Changes to EIS could ‘magnify, not mitigate’ problems faced by small companies seeking funding

Mark Brownridge, Director General of the EIS Association, says changes to EIS could ‘magnify, not mitigate’ problems faced by small companies seeking funding by damaging start-ups sector:

“We are engaged in constructive dialogue with HM Treasury over the Patient Capital Review consultation. There is a clear message coming from them, which is that EIS and similar tax incentivised venture capital schemes need to focus on delivering funding for high-growth, innovative companies.

“This is very much in line with the direction of travel in which the EIS sector has been moving and we are collating evidence to present to HMT to demonstrate this. For example, in the tax year after investment into solar and renewable energy was restricted, EIS enjoyed its biggest ever fundraising year. So already we have seen that more money is flowing to the target, higher risk areas. And because of changes introduced in 2015 that placed further focus on smaller, younger, higher growth potential companies, an even greater proportion of EIS funds raised since then has been flowing to these target areas. So, in terms of policy goals, the effectiveness of EIS has increased substantially over the past 18 months, and continues to do so. This is a win all round – the rules have better focused EIS into target areas, and the investment flow has simultaneously increased.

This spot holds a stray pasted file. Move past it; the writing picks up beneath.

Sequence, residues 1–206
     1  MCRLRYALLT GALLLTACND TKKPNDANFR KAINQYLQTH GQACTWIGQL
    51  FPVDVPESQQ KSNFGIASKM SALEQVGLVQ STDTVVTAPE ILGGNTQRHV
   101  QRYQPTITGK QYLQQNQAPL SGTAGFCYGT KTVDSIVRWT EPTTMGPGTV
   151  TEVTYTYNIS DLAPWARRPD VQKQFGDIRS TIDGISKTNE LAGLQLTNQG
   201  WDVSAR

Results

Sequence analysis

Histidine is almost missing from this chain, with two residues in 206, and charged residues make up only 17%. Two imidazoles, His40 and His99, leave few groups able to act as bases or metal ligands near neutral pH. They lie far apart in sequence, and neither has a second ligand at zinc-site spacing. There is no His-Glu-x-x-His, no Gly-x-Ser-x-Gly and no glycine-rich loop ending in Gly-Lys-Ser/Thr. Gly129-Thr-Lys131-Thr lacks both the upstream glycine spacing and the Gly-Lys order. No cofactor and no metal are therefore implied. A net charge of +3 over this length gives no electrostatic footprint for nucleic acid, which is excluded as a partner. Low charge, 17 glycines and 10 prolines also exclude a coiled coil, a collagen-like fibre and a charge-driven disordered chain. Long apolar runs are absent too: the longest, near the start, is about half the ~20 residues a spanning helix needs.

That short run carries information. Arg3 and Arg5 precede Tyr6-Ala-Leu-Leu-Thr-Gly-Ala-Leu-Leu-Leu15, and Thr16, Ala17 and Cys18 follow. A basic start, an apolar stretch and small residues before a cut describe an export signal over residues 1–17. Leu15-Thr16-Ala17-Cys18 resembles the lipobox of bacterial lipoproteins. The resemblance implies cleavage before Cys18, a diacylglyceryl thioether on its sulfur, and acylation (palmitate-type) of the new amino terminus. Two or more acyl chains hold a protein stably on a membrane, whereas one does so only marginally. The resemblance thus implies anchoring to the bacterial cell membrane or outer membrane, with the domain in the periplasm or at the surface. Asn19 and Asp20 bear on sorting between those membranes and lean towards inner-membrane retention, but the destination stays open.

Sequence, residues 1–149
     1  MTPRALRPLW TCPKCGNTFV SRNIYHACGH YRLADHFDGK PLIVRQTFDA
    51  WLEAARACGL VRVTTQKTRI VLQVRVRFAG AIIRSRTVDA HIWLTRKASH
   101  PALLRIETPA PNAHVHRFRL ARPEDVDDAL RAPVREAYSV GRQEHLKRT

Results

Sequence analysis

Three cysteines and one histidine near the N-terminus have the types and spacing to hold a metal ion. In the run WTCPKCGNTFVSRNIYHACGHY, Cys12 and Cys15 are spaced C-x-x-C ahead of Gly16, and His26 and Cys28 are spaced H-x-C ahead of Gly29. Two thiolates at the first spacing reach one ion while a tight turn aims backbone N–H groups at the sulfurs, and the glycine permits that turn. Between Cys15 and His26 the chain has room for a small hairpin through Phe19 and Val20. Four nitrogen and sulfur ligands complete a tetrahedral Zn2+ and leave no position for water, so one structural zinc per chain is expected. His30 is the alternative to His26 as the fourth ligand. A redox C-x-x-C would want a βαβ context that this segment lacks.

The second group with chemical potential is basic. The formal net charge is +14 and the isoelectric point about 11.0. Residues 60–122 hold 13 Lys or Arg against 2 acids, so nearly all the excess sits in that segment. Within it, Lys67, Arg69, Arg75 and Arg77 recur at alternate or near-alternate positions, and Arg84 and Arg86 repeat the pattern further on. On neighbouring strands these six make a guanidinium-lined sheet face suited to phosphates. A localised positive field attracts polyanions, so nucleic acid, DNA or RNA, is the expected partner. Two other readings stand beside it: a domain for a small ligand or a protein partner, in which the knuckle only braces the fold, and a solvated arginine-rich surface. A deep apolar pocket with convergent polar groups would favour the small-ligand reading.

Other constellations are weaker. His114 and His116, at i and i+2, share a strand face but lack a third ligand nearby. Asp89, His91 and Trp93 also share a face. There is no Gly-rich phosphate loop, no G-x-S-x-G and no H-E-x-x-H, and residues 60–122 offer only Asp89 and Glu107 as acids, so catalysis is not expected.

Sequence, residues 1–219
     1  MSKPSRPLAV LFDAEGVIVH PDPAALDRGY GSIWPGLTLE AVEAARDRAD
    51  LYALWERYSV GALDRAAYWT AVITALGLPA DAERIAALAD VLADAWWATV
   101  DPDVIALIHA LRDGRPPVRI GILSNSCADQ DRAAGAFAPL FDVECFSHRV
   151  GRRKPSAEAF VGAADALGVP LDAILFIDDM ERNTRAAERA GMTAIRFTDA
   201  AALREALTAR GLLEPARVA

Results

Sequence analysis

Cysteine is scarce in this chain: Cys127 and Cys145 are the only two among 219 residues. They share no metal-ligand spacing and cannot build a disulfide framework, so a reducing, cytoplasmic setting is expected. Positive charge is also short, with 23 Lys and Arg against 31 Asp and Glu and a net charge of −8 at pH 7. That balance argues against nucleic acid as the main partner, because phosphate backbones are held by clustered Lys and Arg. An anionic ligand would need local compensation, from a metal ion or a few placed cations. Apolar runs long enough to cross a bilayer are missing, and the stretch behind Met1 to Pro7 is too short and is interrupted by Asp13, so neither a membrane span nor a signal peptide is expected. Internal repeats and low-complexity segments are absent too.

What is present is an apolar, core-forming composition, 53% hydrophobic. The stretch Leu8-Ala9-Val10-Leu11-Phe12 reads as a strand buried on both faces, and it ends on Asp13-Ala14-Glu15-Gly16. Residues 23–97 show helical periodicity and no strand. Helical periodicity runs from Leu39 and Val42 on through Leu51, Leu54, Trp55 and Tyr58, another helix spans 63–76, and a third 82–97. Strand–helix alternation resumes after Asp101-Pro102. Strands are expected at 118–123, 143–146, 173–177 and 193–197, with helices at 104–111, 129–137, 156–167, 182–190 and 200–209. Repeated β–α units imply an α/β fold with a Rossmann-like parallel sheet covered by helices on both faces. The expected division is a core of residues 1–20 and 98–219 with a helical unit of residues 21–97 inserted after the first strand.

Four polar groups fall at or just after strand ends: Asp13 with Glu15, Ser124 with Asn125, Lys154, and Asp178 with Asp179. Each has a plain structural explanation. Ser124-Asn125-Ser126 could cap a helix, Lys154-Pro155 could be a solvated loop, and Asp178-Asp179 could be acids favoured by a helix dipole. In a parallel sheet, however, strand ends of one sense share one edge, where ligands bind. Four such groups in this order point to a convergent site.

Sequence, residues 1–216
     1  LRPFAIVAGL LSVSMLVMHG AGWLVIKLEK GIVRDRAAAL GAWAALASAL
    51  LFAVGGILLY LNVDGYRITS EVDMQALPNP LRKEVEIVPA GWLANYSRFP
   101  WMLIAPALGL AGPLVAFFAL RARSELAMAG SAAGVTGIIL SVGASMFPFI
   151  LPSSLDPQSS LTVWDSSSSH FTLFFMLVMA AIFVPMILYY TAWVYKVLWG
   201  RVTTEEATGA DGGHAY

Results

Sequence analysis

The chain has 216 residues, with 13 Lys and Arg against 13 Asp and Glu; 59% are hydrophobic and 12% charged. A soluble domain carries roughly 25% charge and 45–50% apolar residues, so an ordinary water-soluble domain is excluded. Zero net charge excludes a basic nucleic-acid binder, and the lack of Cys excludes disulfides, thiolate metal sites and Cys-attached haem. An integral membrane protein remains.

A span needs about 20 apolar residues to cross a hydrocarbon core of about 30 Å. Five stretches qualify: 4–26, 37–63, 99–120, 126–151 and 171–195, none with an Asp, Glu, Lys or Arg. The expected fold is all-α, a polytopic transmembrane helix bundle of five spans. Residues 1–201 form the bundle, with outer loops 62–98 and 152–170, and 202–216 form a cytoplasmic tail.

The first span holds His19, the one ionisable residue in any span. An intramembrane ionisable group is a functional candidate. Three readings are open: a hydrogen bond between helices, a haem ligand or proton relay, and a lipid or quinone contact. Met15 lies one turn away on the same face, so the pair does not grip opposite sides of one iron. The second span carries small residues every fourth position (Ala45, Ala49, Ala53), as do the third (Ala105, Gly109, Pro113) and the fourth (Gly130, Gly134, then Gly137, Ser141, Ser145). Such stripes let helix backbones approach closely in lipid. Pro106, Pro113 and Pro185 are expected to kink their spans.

“EIS and VCT funds are vital to our nation’s start-up and scale-up companies and to the overall prosperity of our future economy. We are already facing an extremely uncertain outlook for the economy as the UK leaves the European Union, so it is essential that EIS and VCT funding is maintained in order to help support the vitally-important contribution that venture capital makes. Now is not the time to experiment with whether our economy might prosper without these tax relief schemes. We need the innovation that comes from EIS-funded companies, which by their nature are risk-taking ventures and rely on the tax reliefs to encourage investment into their businesses from private individuals, without which they may not have the risk appetite.

“We recognise that the Patient Capital Review consultation is largely focused on the relatively new concept of ‘patient capital’, but it is our argument that EIS has been instrumental over its long history in helping small companies to start, grow and build their businesses and has long been an implementer of patient capital.

“Since 1994, EIS has raised over £15.9bn for over 26,000 small companies through angels, funds and direct investment. EIS investors in growth companies are investors in risk equity and are prepared to invest for the long term and they achieve their returns only when the company is successful. It should also not be forgotten that the most acute market failure currently is in the area that EIS is not particularly active – later stage growth funding. If EIS was removed or aggressively restricted then the early stage funding gap would open up again and there would be many fewer start-ups to then scale-up, and the patient capital challenge would have been magnified, not mitigated.”

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